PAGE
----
The daring, revolutionary NASA that sent Neil Armstrong to the moon has lost its meteoric vision, says journalist and space enthusiast Greg Klerkx. NASA, he contends, has devolved from a pioneer of space exploration into a factionalized bureaucracy focused primarily on its own survival. And as a result, humans haven’t ventured beyond Earth’s orbit for three decades.
Klerkx argues that after its wildly successful Apollo program, NASA clung fiercely to the spotlight by creating a government-sheltered monopoly with a few big aerospace companies. Although committed in theory to supporting commercial spaceflight, in practice it smothered vital private-sector innovation. In striking descriptions of space milestones spanning the golden 1960s Space Age and the 2003 Columbia tragedy, Klerkx exposes the “real” NASA and envisions exciting public-private cooperation that could send humans back to the moon and beyond.
“A penetrating indictment . . . an absorbing jeremiad for those who . . . look beyond the PR shots of jubilant Jet Propulsion Laboratory scientists.” —Newsweek
“A battle cry for the alternative space program—an engaging counterpoint to the can-do rhetoric headed our way via . . . NASA officials.” —San Francisco Chronicle
“A clear-eyed analysis . . .with vivid examples.” —The Wall Street Journal
“Thoughtful and . . . informational. . . . It is clear that [Klerkx] has done a great deal of research and knows. . . a lot about efforts at space travel and exploration as well as its finance and politics.” —Los Angeles Times
“Compelling. . . . Essential reading.” —Buzz Aldrin
“Readable and smart. . . . A summary of all the things that happened while the rest of us weren’t paying attention. . . . . [Bush said] America should return to the moon. . . . After reading this history of America’s space agency, one might be inclined to take NASA off the job.” —Charleston Post & Courier
“Informative, passionate. . . . Klerkx excoriates NASA relentlessly, effectively.” —The Guardian
“An important book that provides a context for understanding the decline of NASA and the rise of the alternative space community.” —The San Diego Union-Tribune
“Fascinating. . . . Raises points that should be included in any debate on the issue.” —The Atlanta Journal-Constitution
“A very sound and readable analysis of the cause and cure of the present malaise in this planet's space programme. . . . Klerkx backs up his analysis with compelling evidence and insight.” —The Times Literary Supplement (London)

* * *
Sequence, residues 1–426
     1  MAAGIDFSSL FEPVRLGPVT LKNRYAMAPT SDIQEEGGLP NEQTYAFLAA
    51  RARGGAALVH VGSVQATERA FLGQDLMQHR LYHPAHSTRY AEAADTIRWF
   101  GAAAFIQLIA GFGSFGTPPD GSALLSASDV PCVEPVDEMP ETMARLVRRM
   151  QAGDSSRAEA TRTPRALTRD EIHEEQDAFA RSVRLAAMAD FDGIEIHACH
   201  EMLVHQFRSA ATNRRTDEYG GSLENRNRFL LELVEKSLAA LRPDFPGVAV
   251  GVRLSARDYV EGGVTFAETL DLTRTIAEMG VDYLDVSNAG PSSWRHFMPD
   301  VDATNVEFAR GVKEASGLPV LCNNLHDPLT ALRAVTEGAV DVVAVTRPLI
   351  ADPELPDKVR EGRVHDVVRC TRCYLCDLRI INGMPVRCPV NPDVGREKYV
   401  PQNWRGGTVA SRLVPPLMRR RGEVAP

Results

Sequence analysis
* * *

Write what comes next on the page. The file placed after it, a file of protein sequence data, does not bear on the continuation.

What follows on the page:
“A must-read for space enthusiasts who may be interested in being part of the future revolution in affordable space access. Greg Klerkx has gathered a wealth of historical information, old and recent, and presents it in a readable story that is hard to put down.” —Burt Rutan, aircraft and spacecraft developer
“Convincing. . . . [An] eleg[y] to human space travel.” —The New York Sun
“A clear, informed and poignant analysis of how the space agency lost its way. . . . Klerkx's report could not be more timely.” —Keay Davidson, author of Carl Sagan: A Life
“Lost in Space is a must-read. . . . Klerkx presents a masterful argument on why the space program is in a deep rut and what needs to happen to get out of it. . . . He offers a healthy outside perspective when it is sorely needed.” —Dayton Beach News Journal
“This lively, well-reported, and unapologetic work will give new hope to anyone who's clung to the dream of human spaceflight during the three long decades since the last Apollo mission.” —Thomas Mallon, author of Aurora 7 and Two Moons
“Passionate. . . . Provocative. . . . Important.” —Sci Fi
“Those working on changing NASA need to review this book if they want to avoid repeating the mistakes of the past.” —The Huntsville Times
“Excellent. . . . You can't sit on the fence after reading this book. . . . If you want to know where NASA has gone wrong or of the many ideas that people have been and are expounding for space access, Lost in Space is the book.” —Universe Today
“Klerkx documents how [NASA] stamped on every form of external competition. . . . One reads with the certain conviction that this had to be said.” —New Statesman
“Well-researched. . . . Klerkx provides ample evidence and maddening examples of NASA’s ‘fractitious bureaucracy.’” —East Bay Express
“Fascinating. . . . Klerkx backs up [his] argument with extensive research. . . . A very interesting book.” —The Space Review
Greg Klerkx is a former senior manager of the SETI Institute, an independent space exploration and research institution based in California's Silicon Valley. Trained as a journalist, he won numerous news-writing awards and now divides his time between London and San Francisco. Lost in Space is his first book.